My approach was also influenced by how technology changed over the years, of course, so some things did come fully formed, birthed by some random tech articles or a sentence in a new article. But I didn’t have any of it burst from my head, which sounds really painful, by the way. I doubt there’s enough Excedrin in the world for that!
Did the level of worldbuilding change as you progressed through drafts, i.e. cutting parts out or filling in more detail?
Oh, for sure! I started writing Lex years ago, so a lot had to change. I grew up, got better at writing, started filling in more detail, experienced a lot more life. Those factors and others helped change the world I was building. It started out a lot more light-hearted, less gritty. That changed when I started asking the ‘what if’ questions I mentioned.
I cut an entire book to write Lex, if you can believe it. The sequel to Lex is actually the book I was working on first. But I asked myself how this woman I was writing came to be, and it turned out I needed a book to answer that. It also turned out I needed a few books to work out all the trouble that came with her. Should have just left her alone in the first place–would have been much quieter in my head.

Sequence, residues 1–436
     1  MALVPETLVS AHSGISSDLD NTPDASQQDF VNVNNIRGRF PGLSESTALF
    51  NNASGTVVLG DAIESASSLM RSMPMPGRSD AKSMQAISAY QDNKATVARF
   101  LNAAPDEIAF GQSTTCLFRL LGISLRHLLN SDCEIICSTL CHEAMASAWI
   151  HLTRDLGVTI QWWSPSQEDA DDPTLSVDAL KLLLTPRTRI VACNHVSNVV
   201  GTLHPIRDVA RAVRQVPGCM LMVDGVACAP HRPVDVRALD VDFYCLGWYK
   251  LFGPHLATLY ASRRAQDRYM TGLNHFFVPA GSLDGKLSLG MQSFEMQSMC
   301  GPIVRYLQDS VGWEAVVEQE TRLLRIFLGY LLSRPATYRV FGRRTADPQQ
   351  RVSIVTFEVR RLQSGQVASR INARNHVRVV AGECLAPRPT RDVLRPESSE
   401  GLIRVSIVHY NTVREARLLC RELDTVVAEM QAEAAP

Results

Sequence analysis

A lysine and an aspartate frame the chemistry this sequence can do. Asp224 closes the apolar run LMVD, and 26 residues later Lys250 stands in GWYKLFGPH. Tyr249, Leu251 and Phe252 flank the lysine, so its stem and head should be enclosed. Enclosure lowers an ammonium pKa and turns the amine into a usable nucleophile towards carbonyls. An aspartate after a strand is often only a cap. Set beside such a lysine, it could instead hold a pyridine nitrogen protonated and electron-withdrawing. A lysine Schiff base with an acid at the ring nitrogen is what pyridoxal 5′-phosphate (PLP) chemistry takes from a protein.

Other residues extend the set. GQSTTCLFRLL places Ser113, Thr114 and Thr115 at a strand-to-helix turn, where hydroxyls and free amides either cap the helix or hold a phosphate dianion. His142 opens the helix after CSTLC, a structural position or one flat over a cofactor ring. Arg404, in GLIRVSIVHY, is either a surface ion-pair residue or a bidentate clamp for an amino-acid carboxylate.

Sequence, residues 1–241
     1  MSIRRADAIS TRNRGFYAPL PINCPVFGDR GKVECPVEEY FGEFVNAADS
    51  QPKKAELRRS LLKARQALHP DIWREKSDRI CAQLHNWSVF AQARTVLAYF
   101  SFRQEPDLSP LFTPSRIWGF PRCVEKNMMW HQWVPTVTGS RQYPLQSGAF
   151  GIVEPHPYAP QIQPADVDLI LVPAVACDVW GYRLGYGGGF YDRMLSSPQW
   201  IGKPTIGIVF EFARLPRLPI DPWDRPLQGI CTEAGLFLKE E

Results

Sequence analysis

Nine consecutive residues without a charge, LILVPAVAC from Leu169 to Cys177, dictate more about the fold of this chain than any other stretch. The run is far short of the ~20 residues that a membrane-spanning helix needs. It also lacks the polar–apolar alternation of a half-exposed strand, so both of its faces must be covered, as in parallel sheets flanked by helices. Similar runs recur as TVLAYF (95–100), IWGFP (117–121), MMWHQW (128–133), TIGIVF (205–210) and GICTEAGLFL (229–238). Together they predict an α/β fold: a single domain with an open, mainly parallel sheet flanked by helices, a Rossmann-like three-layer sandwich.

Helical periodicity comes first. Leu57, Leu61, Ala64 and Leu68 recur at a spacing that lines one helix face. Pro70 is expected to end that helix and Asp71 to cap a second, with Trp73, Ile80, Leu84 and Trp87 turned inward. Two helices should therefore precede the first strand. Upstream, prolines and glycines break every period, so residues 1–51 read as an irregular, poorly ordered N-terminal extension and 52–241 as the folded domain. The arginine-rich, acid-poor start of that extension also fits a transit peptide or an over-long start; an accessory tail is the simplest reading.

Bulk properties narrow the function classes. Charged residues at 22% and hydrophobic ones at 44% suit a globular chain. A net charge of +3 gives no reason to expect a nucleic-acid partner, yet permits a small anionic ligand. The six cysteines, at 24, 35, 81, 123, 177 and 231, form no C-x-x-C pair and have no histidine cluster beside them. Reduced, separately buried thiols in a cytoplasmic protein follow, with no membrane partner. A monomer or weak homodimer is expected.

Is your worldbuilding approach going to evolve as you work on the sequel and/or other unnamed projects?
Definitely. The database in my brain is getting obsolete, like all good tech eventually does. I need to start making notes now so I don’t have to flip through all the manuscripts I write looking for the name of some street. I’m exploring writing software to help with that–I heard Scrivener’s good. I want to make sure my other books can be written without me getting eye-strain and cramps from clicking through the pages.
My plan was always to advance the tech in my world as the years pass, so the reader can see the world’s evolution as they go. Technology is proceeding at such a pace these days that it’s going to be a tall order writing a science fiction novel that Elon Musk hasn’t rendered archaic by the time it goes to print. But we’re also closing the gap between finishing a novel and publishing it to satisfy this new generation of ravenous readers, so perhaps I have a better chance of getting away with that now than before.
Either way, I hope to keep changing, improving on my worldbuilding and writing better stories as I go. Otherwise I’ll be forced to return to my galaxy swallowing ways and believe me, only the Children of Cthulhu want that *gives everyone the evil eye*.
RSA Garcia lives and works on the island of Trinidad in the Caribbean with a large family and too many dogs–not that any of them belong to her.
She decided to be an author when she discovered that Louisa May Alcott had been published at the age of 8. Determined to waste no more time, she finished her first collection of stories at 10. She has not stopped writing since, and indulged herself in a deep love of all speculative fiction despite the best advice of every English teacher she has ever had.
Lex Talionis is her debut novel available now from all the major players. Learn more about her and her novel over at rsagarcia.com.